Nov 4, 2021 - Economy & Business

Fed chair Jerome Powell on the meaning of transitory inflation

Federal Reserve Chairman Jerome Powell speaking before Congress.
Federal Reserve chair Jerome Powell. Photo: Kevin Dietsch/Getty Images

“Transitory” officially reached buzzword status midyear — when it exited the realm of financial wonks and seeped into the outside world where everyday people were talking about inflation.

The latest: Even so, no one knew exactly what it meant in the context of inflation — because the Federal Reserve has never really defined it. On Wednesday, though, Fed chair Jerome Powell went further than he has before in explaining how he interprets the term.

What he’s saying: “Transitory is a word that people have had different understandings of. For some, it carries a sense of ‘short-lived,’ and that there's a real-time component, measured in months,” Powell said at the Fed press conference.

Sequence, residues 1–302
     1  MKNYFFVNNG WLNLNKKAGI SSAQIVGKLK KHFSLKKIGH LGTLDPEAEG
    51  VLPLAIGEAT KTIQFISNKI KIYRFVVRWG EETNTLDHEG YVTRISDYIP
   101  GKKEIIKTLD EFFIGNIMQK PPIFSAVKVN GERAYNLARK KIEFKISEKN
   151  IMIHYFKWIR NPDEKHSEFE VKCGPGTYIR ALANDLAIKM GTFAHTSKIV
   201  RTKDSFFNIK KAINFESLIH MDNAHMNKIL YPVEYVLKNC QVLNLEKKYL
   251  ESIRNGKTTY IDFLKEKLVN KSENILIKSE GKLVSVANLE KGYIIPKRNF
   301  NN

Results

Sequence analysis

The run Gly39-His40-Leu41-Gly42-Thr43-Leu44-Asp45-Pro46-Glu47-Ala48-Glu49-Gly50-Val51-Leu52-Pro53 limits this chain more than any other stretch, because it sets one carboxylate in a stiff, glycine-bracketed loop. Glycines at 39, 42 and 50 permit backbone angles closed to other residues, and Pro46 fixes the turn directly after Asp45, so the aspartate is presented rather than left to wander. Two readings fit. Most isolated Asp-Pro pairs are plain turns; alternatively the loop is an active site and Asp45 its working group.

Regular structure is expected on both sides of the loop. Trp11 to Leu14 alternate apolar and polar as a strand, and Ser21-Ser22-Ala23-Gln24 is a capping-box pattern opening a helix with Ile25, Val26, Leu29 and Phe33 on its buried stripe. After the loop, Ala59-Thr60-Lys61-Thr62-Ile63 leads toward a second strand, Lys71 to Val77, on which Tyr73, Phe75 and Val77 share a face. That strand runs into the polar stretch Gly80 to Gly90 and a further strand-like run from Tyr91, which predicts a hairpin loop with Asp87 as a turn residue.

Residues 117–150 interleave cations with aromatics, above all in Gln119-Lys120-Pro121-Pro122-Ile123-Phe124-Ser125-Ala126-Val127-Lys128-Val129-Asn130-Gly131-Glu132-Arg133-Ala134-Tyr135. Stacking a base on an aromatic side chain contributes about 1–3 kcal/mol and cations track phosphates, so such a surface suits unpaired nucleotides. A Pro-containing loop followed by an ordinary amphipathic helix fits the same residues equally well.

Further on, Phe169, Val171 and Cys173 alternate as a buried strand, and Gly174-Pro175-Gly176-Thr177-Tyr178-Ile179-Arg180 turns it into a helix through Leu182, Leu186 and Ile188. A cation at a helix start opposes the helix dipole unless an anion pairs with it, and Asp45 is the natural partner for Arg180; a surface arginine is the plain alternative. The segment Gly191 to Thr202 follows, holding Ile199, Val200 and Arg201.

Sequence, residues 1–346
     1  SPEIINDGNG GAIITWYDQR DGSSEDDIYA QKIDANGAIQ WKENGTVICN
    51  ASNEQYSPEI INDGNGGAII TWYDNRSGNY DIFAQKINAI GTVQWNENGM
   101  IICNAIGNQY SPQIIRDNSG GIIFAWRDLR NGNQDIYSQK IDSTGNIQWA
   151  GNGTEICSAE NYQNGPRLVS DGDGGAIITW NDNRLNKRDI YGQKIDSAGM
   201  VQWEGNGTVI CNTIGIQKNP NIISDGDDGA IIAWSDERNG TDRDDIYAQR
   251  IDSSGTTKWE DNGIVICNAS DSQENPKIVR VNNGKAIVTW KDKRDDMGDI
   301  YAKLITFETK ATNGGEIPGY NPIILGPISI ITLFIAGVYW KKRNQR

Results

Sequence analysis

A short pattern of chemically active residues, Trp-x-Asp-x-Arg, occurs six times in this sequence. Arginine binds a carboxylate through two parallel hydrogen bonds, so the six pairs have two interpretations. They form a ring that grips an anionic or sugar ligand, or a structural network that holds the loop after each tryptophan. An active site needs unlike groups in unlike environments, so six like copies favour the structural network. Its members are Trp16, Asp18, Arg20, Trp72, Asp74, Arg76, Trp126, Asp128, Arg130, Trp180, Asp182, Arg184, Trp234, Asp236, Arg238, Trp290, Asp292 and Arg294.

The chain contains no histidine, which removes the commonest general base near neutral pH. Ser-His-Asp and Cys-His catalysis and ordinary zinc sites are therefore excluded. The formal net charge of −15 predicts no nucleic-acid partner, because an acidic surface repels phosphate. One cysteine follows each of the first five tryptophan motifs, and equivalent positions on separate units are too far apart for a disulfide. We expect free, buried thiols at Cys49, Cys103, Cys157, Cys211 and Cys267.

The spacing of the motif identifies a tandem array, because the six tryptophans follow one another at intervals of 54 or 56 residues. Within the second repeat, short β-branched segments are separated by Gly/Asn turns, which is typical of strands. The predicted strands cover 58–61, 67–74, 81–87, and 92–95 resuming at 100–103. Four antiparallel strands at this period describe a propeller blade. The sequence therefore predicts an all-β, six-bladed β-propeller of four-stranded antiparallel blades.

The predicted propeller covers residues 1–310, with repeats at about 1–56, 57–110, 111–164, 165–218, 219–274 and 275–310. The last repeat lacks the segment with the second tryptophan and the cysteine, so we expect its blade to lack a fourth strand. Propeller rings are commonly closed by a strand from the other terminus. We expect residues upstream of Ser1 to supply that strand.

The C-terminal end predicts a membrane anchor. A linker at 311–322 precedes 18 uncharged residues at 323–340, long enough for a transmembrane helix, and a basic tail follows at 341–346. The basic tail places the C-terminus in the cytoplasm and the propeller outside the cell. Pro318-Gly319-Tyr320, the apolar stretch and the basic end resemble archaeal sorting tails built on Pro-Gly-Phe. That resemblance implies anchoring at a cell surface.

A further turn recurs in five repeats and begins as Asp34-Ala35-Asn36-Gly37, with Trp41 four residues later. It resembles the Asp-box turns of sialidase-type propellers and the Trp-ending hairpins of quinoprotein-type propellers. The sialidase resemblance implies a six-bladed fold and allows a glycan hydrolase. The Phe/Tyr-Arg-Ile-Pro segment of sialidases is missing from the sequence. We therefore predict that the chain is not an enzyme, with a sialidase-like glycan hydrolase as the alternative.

• He went on to say that, for the Fed, it’s not so much a measurement of time — but rather a question of whether the current trend of rising prices will lead to “permanently or persistently high inflation.”

In other words, if inflation is transitory, then “there may be a cyclical storm on the surface, but … it won't leave behind structural pressures on the economy,” Daniela Mardarovici, co-head of U.S. multisector fixed income at Macquarie Asset Management, tells Axios.

The big picture: Many have taken sides in the argument over whether inflation is transitory (as the Fed says it is) — with or without a common understanding of what that means.

  • The Fed’s view on it informs if and when it will take extraordinary measures in the economy, like raising interest rates from emergency, rock-bottom levels.

The bottom line: Providing more of a window into how he views the concept helps Powell’s credibility — and the markets seem to buy it so far.

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